about the product, and made their decision based on a seriously in-
complete informational set, then the regulatory compliance–inspired
critique of the tort system would not make sense.167 Under such cir-
cumstances, confidence in the regulatory decision would be misplaced.
    The concealment/misrepresentation exception to regulatory compli-
ance statutes makes perfect sense in this light. They tell courts that
deference to the regulatory decision should be withheld if the regula-
tors were given a seriously flawed informational package upon which
to base their decision.168 Unsurprisingly, because the regulatory com-
pliance statutes were designed by lawyers and lobbyists who represent
repeat defendants, the statutes have typically nested what is hoped to
be a narrow concealment/misrepresentation exception within a re-
markably pro-defendant framework. Thus, the exception is drafted to
put the burden on the plaintiff to prove what really happened — that
the regulators approved products or warning labels for products based
on a seriously incomplete or false set of information. The exception
does not allow the plaintiff to succeed in undermining the regulatory
compliance defense if the flaws in the informational package were ir-
relevant to the decision the regulators made. And it is not enough that
the defendant in fact made misrepresentations or concealed infor-
mation; the plaintiff must prove that the defendant did so intentional-
ly, deliberately, or knowingly. If the plaintiff actually establishes that
the regulatory decision was made based on deliberate misrepresenta-
  166 See, e.g., Carl Tobias, FDA Regulatory Compliance Reconsidered, 93 CORNELL L. REV.
1003, 1027 (2008) (noting that changing views of institutional competence have led to increased
receptiveness to regulatory compliance defenses).
  167 See Michael D. Green, Statutory Compliance and Tort Liability: Examining the Strongest
Case, 30 U. MICH. J.L. REFORM 461, 481 (1997) (arguing that, because FDA approval decisions
depend on information provided by drug manufacturers, any regulatory compliance defense must
be contingent on the defendant’s having supplied information as required); Tobias, supra note 166,
at 1037 (arguing that any regulatory compliance defense should be conditioned on the defendant’s
having provided timely disclosure of relevant information to regulators).
at 3 (1995) (explaining that the regulatory compliance defense would not apply if a defendant “in-
tentionally withheld from or misrepresented to the F.D.A. information concerning the drug that
must be submitted”). This analysis — unlike the revised analysis, SENATE FISCAL AGEN-
CY, supra note 165, and the statute ultimately passed — does not mention the need for the plain-
tiff to establish that the FDA would have decided differently if there had not been concealment or
2012]     PALSGRAF, PUNITIVE DAMAGES, AND PREEMPTION                  1795

tions and concealments, the reasons for enshrining the regulatory deci-
sion with insurmountable weight are defeated, and the safety question
in the negligence or products liability claim can indeed go to the jury,
as under the common law.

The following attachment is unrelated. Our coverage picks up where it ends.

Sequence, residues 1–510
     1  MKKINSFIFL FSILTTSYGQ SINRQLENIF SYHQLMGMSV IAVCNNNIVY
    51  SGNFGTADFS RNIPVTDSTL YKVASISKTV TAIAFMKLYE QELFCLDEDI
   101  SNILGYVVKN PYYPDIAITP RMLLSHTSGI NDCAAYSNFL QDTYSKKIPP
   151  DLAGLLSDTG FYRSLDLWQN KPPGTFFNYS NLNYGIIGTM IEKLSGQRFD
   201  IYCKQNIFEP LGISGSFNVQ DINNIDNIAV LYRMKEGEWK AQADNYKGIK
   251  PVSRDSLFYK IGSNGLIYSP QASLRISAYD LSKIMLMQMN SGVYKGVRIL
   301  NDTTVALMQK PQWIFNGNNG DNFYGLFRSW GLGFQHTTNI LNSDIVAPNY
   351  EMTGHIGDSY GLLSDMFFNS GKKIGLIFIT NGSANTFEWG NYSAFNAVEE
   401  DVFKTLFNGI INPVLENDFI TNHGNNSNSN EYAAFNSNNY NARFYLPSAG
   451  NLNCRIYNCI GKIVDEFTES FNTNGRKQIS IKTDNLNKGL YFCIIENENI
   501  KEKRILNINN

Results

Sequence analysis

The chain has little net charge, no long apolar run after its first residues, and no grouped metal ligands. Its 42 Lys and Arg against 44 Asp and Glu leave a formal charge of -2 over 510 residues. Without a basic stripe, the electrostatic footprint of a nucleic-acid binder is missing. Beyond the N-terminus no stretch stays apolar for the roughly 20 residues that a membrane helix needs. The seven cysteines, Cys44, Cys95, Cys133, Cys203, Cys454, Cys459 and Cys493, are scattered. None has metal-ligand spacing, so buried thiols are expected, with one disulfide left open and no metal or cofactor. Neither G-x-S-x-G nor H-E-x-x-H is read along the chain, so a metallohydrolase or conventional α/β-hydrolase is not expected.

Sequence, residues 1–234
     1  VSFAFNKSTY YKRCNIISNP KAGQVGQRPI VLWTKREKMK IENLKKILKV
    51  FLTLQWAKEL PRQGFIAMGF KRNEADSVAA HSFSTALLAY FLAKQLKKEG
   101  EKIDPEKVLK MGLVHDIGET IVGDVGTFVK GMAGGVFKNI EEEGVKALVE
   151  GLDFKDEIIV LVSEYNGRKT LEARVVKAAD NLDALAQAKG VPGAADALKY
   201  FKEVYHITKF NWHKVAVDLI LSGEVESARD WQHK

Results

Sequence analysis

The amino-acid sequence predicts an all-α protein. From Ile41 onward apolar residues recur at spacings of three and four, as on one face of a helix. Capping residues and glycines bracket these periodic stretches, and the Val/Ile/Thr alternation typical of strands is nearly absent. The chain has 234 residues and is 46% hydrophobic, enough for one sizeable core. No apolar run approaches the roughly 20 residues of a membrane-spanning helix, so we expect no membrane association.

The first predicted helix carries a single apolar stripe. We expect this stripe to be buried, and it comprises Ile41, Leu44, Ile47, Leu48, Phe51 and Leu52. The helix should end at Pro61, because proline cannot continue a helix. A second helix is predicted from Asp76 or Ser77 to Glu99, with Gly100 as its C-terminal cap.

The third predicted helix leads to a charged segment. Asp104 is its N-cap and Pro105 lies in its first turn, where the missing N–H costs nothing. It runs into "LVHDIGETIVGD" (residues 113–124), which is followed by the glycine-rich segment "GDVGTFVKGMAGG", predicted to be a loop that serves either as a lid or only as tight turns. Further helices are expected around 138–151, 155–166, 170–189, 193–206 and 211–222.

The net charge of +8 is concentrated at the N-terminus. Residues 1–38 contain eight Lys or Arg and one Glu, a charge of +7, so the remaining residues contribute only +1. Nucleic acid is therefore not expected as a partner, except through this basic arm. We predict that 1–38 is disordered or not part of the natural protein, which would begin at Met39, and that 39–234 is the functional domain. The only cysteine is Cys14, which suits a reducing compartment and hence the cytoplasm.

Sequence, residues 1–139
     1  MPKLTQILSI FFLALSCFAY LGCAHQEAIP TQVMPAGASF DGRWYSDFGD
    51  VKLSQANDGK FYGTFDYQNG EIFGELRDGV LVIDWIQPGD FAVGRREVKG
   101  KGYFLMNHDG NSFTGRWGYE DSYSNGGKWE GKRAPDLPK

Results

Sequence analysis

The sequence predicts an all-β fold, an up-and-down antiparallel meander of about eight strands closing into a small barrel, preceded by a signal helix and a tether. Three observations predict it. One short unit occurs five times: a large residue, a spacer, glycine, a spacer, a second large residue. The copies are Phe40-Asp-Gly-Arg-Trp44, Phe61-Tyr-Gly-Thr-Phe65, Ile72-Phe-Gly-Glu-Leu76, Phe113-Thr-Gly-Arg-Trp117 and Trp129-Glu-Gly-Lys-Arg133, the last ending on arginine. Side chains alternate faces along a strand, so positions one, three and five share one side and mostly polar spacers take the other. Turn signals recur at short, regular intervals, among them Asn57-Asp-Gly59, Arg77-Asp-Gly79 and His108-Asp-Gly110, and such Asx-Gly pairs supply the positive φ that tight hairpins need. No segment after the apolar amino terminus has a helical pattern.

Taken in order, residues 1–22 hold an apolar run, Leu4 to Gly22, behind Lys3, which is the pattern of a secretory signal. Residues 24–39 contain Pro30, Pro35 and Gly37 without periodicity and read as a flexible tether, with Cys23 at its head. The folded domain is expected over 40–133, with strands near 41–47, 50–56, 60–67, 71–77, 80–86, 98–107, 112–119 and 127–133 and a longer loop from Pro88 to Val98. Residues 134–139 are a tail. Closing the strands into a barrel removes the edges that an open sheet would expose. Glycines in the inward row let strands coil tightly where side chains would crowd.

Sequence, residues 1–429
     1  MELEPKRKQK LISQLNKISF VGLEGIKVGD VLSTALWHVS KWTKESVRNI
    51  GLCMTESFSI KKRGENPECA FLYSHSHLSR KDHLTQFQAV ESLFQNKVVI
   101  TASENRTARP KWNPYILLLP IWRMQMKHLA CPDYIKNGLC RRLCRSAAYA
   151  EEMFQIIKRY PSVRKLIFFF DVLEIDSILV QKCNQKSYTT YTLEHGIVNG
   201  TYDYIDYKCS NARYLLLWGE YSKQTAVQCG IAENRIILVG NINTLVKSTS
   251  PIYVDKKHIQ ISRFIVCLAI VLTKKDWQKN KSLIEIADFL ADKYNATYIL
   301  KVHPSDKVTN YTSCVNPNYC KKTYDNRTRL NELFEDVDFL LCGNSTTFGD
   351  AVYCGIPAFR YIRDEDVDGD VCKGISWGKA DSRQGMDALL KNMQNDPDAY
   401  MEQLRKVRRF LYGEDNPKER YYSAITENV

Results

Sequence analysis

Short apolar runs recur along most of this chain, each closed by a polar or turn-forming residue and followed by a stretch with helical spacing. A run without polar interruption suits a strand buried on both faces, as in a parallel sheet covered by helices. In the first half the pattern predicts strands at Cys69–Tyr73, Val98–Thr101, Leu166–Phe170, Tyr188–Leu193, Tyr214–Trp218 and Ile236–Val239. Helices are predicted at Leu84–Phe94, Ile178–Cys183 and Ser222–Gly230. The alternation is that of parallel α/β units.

It should be clear that we are now very far from Buckman in at
least one important respect. The plaintiff’s power to bring a claim for
negligence or products liability has virtually nothing to do with the de-
fendant’s alleged violation of federal law. The plaintiff is in no sense
appearing as a private attorney general in order to enforce legal rules
regarding communication with federal agencies. The plaintiff is sim-
ply there to win his negligence or products liability claim, or what is
left of it after a major tort reform agenda cleared away much of what
would have been available at common law. The putative right to have
liability imposed upon the defendant does not arise from a state legis-
lative decision to empower the plaintiffs to punish the defendants for
lying to the FDA. The putative right to have liability imposed derives
from what it has always derived from under the common law of torts:
the right of civil recourse against one who has wronged the plaintiff.
For the reasons explained above relating to changing norms concern-
ing comparative institutional competencies, states have curtailed the
right to redress against a putative wrongdoer out of the belief that the
costs of allowing lay juries to second-guess the agency are too high.
But the curtailment of the right left a sliver of potential liability at the
heart of traditional tort liability at common law, where the regulatory
competence of the agency would not merit such deference.
    It is true that the exception to the statute identifies the region of
nondeference by using intentional withholding of information or mis-
representation as a criterion, and it is true that such conduct would
qualify as a violation of federal law. But the violation of federal law is
not itself the ground for the exception; it is just that federal law pro-
hibits such conduct, too.
    The foregoing account explains why Judge Calabresi was right
about all three of the distinctions from Buckman he enumerated. Un-
like Buckman, Kent involved a claim and a power well within the tra-
ditional domain of state law, and therefore was presumptively not
preempted. Second, unlike the Buckman plaintiffs, the Kent plaintiffs
asserted a standard common law tort claim that did not involve the